BlueFox vibrax spinners work well near downed trees in 3 to 5 feet of water. However, one of the best lures that works with every bass is the Carolina rigged worms.


Depending on shore angle and depth, run a split shot about 16 inches up the line with a size 2/0 straight-shanked worm hook to allow some suspension inches off the bottom.


Another successful technique is using a Texas rigged worm consisting of a 3/16 ounce bullet weight, a 1/0 offset shank worm hook and a small chartreuse colored plastic or glass bead between the weight and the hook.


The use of the bead protects the knot from being abused and makes a clicking noise, which attracts bass. You shouldn’t need any more than an 8 pound test line for spotted bass if you want any challenge at all.


A good solid rod for catching Spotted Bass, smallmouth bass and largemouth bass is the Daiwa Cielo freshwater casting rod. The VIP Smallmouth is another good rod for spotted bass.


Each rod is strong enough and flexible for the largest largemouth bass. It also offers a lightweight rod that is strong enough for hours of casting heavy crankbaits.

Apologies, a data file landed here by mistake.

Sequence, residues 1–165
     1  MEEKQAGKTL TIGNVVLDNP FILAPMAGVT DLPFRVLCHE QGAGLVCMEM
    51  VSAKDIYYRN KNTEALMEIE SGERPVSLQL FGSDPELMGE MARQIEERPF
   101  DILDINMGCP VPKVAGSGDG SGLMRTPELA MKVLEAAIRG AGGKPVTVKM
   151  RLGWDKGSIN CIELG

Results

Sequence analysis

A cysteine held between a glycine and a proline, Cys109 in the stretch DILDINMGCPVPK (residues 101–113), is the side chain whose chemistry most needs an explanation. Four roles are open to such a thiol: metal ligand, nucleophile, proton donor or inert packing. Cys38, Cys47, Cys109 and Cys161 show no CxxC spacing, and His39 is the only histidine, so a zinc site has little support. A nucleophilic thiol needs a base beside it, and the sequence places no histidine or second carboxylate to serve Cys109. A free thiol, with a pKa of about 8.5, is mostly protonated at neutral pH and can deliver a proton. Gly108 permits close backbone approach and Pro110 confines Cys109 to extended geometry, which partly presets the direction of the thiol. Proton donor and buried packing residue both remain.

Baitcasting Reel

Daiwa is not the only rod and reel company out there. Sage and Abu Garcia are among many good tackle makers. The key to a good rod and reel combination is picking the right reel and rod for a particular fish.


A heavy ultra strong rod and reel with 20 pound test line is heavy and far beyond what you’ll need for the Spotted Bass. Also, too strong a rod and reel, the less sensitivity in detecting smaller fish strikes.


Fish on long tapering points and on steep rock banks. Keep your boat to water that is about 30 feet deep. Cast your lure to the bank and slowly reel it back. Presentation is everything so be sure to present the lure or bait in a realistic manner.


Keep the bait down on bottom so that you feel the bait bumping the rocks and brush all the way back to the boat. Reel at a steady rate, but if you lose contact with the bottom, stop reeling for a second or two.